Are you familiar with the Rorschach Test? It's the psychological exam where you look at ink blots and say what you see. Depending on how you interpret the ink, you receive a different diagnosis of your psyche. Now, I'm not a psychiatrist by any means, but I do know a DIY opportunity when I see one. Whether or not you interpret the shapes as a bear, or as the face of your mother, throw a little color in there and we've got ourselves a project. These ink blot pillows are easy enough for anyone to make, and each result is different!
Watch the video to see how these ink blot pillows turned out (it's really more fun to watch than to read about), and keep scrolling for all the details.
- Acrylic paints
- White pillow cases
- Wax paper
- Newspaper or cardboard
- Masking tape (optional)
- An iron and a piece of printer paper
If your pillowcases are wrinkled, make sure you iron them before you begin. Additionally, before you can start to apply your ink blot designs, you'll need to protect the back of your pillowcase from paint. Insert a piece of cardboard or a few layers of newspaper inside the pillowcase. This will prevent paint from coming through the front and transferring onto the back.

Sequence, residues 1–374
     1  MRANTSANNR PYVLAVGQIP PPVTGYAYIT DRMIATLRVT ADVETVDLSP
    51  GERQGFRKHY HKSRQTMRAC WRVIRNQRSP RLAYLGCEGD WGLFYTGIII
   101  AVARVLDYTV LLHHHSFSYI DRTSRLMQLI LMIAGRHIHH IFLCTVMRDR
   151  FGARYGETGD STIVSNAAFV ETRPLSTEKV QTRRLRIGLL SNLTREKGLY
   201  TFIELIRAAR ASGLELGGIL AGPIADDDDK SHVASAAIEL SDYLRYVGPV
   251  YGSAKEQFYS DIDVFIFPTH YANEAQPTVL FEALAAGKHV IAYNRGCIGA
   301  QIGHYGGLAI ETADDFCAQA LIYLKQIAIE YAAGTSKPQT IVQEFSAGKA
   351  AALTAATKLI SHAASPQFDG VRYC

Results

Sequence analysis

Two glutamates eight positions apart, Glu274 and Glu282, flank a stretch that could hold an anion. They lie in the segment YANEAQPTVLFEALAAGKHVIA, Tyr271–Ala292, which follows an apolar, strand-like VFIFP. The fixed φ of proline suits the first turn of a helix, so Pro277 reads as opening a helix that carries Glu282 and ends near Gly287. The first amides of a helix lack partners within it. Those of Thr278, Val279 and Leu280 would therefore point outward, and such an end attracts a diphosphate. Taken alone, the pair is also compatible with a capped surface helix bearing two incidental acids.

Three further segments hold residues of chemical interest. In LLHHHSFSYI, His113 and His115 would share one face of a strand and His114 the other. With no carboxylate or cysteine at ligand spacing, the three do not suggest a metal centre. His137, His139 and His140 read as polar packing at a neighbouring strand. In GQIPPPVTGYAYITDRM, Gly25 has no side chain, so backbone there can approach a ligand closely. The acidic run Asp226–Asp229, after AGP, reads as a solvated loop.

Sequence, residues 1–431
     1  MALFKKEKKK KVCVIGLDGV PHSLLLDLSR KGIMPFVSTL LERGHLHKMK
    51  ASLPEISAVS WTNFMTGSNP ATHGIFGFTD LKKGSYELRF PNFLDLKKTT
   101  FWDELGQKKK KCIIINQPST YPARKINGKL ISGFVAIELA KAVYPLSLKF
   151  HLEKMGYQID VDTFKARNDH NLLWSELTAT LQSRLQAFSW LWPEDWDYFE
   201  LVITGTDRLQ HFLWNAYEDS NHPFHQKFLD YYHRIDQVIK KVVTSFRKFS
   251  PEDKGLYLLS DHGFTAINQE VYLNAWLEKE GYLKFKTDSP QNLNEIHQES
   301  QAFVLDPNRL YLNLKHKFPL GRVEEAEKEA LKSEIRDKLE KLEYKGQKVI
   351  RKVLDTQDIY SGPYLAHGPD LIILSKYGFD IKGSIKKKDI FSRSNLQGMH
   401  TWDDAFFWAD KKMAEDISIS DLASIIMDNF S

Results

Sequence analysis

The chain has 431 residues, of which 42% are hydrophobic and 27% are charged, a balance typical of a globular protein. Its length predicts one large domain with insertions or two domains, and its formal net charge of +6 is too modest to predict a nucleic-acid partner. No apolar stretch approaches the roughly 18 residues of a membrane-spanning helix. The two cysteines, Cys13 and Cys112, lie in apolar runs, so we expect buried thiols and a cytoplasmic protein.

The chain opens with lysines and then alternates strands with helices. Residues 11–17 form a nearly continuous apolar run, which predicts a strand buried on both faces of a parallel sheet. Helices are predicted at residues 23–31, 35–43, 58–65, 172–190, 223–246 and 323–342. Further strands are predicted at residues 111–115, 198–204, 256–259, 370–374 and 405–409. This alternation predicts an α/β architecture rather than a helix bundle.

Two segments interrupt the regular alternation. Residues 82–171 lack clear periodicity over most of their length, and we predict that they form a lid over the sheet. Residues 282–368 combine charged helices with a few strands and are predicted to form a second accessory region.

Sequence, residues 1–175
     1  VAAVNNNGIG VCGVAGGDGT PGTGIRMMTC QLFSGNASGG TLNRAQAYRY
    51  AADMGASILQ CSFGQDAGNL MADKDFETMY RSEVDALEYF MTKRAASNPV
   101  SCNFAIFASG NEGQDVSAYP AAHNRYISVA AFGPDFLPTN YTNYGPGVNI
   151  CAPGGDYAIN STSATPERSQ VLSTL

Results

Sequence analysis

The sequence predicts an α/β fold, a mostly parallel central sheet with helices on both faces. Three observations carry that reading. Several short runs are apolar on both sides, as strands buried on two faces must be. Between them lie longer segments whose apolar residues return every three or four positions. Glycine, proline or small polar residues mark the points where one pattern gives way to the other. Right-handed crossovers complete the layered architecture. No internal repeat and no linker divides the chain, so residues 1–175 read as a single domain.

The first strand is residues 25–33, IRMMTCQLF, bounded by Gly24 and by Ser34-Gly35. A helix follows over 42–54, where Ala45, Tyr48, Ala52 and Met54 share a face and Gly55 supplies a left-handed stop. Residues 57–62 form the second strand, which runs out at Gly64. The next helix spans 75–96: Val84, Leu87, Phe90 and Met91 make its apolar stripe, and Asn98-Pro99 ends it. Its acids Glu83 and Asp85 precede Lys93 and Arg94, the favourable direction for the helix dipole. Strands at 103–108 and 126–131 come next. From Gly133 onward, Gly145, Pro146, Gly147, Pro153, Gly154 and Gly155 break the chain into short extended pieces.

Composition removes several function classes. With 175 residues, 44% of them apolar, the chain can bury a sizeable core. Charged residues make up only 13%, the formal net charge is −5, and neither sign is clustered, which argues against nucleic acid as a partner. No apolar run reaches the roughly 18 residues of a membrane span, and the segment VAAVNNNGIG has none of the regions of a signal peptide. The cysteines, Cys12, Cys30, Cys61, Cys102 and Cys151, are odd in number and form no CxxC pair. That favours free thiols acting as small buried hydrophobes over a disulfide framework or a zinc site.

Take a piece of wax paper that is as large as the front of your pillowcase, and fold in half. Open it back up again.
Rather than use ink for these ink blot pillows, we'll be using acrylic paint. Add paint to one side of the folded wax paper. You can add the paint randomly, just make sure you use a lot.
When you're satisfied with your paint blobs, fold the waxed paper back in half.
Lay your prepared pillowcase on an even surface. Optionally, tape the pillowcase in place with masking tape to prevent it from sliding.
Unfold the wax paper to reveal your ink blot design. Carefully drape the wax paper paint-side down over the pillowcase, laying it in the center. Press down firmly. Peel the wax paper off to reveal the ink blot design!.
Leave your pillowcase out to dry completely. Once fully dry, you'll need to heat-set your design. Lay a piece of printer paper over the painted area, and run a dry, hot iron over the design for 30 continuous seconds.
I've never taken an actual Rorschach test, but according to this very unofficial and fake online version, I have a Sickness Quotient of 59%. Should I be concerned?!